Kenya, US & Other Nations Issue Statement Over Houthi Attacks in Red Sea

Kenya on Wednesday, January 24, issued a joint statement together with the United States Government and other nations regarding Houthi attacks against vessels transiting the Red Sea and surrounding waterways. 

The nations noted that the attacks were a threat to all countries that rely on international shipping.

“We condemn these attacks and demand an end to them. We also underscore that those who supply the Houthis with the weapons to conduct these attacks are violating UN Security Council Resolution 2216 and international law.,” the statement read in part. 

The over 20 nations termed the attacks as reckless and deserved a decisive response.

A ship at Red Sea.


Al Jasrah

In the statement, the nations stated that in response to the Houthi attacks, the armed forces of the United States and the United Kingdom, with support from Australia, Bahrain, Canada, and the Netherlands, continued with strikes against eight targets in Houthi-controlled areas of Yemen. 

In defence of the strikes, the US and other nations remarked that they were done under the inherent right of individual and collective self-defence.

“These strikes were designed to disrupt and degrade the capability of the Houthis to continue their attacks on global trade and innocent mariners from around the world while avoiding escalation,” the joint statement explained. 

Houthi rebels have launched over 30 attacks on ships operating in the Red Sea since mid-November which has disrupted the movement of goods in the busy sea channel.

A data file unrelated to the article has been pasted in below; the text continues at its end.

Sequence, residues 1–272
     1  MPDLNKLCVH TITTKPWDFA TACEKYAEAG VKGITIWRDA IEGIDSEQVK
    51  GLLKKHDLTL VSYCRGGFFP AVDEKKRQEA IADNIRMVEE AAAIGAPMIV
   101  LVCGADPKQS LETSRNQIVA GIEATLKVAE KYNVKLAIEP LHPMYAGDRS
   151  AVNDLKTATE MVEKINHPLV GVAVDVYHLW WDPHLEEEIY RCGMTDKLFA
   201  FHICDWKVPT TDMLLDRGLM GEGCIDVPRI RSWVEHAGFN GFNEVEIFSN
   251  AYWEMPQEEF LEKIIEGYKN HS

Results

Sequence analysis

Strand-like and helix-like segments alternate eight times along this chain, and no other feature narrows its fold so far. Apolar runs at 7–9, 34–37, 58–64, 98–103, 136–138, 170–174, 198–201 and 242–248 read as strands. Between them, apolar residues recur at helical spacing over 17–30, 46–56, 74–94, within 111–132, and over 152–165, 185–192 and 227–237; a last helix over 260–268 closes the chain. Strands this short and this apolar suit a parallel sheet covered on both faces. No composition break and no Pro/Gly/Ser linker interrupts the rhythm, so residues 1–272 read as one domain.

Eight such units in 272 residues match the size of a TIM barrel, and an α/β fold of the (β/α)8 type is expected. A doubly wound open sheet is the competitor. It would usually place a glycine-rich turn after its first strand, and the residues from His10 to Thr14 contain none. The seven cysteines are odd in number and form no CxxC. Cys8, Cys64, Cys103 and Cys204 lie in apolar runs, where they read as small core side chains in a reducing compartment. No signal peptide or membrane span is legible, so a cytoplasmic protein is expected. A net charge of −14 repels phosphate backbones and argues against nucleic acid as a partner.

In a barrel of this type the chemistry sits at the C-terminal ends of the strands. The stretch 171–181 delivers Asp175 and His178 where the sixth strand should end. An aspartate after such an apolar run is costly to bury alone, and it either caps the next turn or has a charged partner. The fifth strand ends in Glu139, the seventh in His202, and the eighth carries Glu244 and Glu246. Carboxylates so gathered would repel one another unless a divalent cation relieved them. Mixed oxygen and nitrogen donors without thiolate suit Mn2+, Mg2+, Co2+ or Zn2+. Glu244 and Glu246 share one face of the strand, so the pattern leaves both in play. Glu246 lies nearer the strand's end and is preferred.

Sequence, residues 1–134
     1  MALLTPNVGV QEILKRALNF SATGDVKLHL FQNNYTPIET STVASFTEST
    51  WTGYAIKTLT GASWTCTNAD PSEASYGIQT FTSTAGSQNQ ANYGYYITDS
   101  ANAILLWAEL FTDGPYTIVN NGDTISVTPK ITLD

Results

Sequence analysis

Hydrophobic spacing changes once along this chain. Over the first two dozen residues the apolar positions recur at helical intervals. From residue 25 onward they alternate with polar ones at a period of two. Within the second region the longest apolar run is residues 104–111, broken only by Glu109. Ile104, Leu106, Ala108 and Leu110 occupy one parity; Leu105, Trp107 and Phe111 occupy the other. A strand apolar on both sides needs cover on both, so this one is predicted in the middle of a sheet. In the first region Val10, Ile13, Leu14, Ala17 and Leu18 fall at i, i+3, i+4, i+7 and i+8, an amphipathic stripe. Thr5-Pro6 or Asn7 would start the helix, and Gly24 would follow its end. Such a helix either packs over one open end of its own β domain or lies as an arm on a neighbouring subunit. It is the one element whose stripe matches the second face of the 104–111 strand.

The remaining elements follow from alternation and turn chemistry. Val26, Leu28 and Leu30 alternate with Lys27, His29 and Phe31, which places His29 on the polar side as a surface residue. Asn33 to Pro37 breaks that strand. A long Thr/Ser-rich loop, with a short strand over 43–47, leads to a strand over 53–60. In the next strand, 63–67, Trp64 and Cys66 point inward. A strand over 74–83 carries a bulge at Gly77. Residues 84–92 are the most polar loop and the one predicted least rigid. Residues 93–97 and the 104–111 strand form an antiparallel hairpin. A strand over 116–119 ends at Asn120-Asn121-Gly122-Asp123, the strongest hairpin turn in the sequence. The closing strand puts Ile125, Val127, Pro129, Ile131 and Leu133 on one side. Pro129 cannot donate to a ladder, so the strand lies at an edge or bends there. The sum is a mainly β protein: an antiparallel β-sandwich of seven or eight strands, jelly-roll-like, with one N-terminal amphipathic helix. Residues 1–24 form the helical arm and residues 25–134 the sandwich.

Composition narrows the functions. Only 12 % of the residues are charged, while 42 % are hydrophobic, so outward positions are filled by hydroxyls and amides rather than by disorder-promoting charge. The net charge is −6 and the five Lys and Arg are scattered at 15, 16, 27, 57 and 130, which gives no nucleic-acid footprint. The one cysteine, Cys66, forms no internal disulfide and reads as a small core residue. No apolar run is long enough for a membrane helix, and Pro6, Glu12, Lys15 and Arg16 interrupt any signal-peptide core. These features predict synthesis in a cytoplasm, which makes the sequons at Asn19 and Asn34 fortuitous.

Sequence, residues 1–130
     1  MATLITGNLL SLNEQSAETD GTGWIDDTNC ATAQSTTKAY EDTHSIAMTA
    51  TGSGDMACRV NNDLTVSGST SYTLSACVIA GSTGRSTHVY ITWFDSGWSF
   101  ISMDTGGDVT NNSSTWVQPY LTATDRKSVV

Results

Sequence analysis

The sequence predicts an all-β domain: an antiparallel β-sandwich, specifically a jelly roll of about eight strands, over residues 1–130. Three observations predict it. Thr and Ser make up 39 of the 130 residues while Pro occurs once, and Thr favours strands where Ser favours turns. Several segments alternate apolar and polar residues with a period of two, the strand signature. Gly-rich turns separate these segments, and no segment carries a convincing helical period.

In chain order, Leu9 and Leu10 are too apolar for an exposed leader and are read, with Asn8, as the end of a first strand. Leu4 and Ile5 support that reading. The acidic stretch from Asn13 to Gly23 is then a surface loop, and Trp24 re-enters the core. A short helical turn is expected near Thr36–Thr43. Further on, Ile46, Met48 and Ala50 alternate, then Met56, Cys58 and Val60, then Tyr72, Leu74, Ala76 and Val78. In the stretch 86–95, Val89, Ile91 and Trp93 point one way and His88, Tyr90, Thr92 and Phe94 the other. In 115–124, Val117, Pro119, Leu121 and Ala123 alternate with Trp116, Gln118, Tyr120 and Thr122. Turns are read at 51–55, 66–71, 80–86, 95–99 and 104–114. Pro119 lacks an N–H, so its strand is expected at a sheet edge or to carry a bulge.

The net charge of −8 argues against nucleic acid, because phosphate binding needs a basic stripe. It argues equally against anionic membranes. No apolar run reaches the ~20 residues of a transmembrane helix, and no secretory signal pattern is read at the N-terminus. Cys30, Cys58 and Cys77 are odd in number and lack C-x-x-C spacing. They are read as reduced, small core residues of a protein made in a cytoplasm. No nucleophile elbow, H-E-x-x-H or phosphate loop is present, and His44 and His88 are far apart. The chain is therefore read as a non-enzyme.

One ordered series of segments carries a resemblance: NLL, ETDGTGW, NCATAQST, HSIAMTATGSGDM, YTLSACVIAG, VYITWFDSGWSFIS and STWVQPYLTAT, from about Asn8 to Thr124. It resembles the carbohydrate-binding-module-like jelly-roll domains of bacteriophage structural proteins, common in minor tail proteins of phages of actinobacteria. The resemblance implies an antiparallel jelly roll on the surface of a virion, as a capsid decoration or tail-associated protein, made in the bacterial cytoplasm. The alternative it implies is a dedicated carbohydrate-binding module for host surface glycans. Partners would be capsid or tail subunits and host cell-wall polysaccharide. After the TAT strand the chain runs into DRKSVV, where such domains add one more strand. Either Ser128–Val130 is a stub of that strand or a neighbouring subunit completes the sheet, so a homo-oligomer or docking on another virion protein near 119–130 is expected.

As such, the effects of the attacks have been felt worldwide with rising costs of fuel prices and agricultural produce.  

“International oil prices increased during the week ending January 18, largely due to elevated risk of escalation of the Middle East crisis,” the Central Bank of Kenya (CBK) commented on the issue during a weekly bulletin released on January 19. 

The statement was signed by the Governments of Albania, Australia, Bahrain, Canada, Croatia, Czech Republic, Denmark, Estonia, Germany, Guinea-Bissau, Hungary, Italy, Kenya, Latvia, Lithuania, Montenegro, Netherlands, New Zealand, North Macedonia, Poland, Republic of Korea, Romania, United Kingdom, and the United States.

The unity of the nations in releasing the statement was seen as a shared resolve to uphold navigational rights and freedoms, and to defend the lives of mariners from illegal and unjustifiable attacks.

A photo of US President Joe Biden (left) and President William Ruto (right)


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